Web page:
The story of Griboyedov, best known for his pasquinade of Moscow’s aristocracy, Woe from Wit, makes for a perfect plot for a period-drama. His literary defiance of imperial Russia’s calcified upper crust, his marriage to a beautiful Georgian princess in Tiflis (Tbilisi) and his brutal murder in Tehran were all set during the tectonic geopolitical shifts of the early 19th century.
In Mikhalkov’s version of the story, Griboyedov, the tsar’s emissary to Tehran, is not killed by a lynch mob of Persians which, as is widely believed, massacred the entire staff of the Russian embassy to Persia in 1829. Mikhalkov claims he has it on good authority that the hero of his film fell prey to intrigues of the British as they strove to hem in Russia’s regional clout.
The USS Cole on its most recent visit to the Black Sea, in October 2014. (Photo: U.S. Navy)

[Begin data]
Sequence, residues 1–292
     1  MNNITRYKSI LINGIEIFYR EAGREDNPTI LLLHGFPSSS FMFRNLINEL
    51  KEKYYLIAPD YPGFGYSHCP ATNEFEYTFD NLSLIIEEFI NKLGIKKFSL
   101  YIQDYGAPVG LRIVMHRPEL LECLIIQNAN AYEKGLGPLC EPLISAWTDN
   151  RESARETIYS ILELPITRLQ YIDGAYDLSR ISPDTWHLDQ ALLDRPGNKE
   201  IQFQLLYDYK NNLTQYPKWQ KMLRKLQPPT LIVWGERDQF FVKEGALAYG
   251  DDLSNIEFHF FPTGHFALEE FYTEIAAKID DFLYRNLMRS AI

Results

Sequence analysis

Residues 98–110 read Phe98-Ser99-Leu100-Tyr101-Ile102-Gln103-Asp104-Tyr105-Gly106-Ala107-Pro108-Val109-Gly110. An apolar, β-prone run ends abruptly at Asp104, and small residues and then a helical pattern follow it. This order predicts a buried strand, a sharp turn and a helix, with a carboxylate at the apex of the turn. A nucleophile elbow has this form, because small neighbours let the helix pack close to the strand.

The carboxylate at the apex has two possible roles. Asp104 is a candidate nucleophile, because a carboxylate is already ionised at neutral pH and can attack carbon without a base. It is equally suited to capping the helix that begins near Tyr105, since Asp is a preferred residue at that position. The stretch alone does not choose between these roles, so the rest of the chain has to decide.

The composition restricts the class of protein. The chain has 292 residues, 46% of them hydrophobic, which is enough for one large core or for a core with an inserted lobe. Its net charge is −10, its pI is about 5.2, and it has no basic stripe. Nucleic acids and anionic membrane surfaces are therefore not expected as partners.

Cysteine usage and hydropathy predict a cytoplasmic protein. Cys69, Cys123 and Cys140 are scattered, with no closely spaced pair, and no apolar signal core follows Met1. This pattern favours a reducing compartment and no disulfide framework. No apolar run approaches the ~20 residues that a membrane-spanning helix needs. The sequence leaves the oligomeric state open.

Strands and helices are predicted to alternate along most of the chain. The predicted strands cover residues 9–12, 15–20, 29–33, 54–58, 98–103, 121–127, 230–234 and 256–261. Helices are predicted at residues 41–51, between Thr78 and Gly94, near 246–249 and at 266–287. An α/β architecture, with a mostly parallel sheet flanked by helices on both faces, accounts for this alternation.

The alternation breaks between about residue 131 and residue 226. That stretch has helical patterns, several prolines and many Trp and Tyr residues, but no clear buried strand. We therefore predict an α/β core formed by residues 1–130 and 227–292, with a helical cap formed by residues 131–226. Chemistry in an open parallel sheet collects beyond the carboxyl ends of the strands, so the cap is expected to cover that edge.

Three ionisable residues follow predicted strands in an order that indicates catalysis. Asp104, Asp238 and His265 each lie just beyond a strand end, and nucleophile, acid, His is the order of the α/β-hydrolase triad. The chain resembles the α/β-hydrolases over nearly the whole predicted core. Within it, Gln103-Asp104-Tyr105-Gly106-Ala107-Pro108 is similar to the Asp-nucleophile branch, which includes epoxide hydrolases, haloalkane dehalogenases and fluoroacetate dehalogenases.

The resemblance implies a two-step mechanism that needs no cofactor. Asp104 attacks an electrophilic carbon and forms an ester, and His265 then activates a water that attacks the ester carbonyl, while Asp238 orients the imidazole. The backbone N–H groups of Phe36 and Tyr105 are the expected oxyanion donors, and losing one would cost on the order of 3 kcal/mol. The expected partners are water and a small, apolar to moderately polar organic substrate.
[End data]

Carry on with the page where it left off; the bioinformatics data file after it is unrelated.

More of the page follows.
A U.S. Navy warship entered the Black Sea this week "to promote peace and stability in the region," according to a Navy statement, but Russia doesn't see it that way.
"The destroyer Cole entered the Black Sea February 8. From the moment it entered the Black Sea straits, surveillance units of the Black Sea Fleet have been carrying out careful tracking of the American ship," an anonymous Russian naval source told Interfax.
The ship's first stop was Constanta, Romania, where it is spending four days. It's not clear what its itinerary is after that.
In June, U.S. Defense Secretary Chuck Hagel visited Romania and promised to keep a steady U.S. naval presence on the Black Sea. "The U.S. has maintained a regular naval presence in the Black Sea since mid-March, with the USS Truxton, the USS Donald Cook and the USS Taylor all conducting port calls in Romania, and we will sustain this tempo going forward,” he said.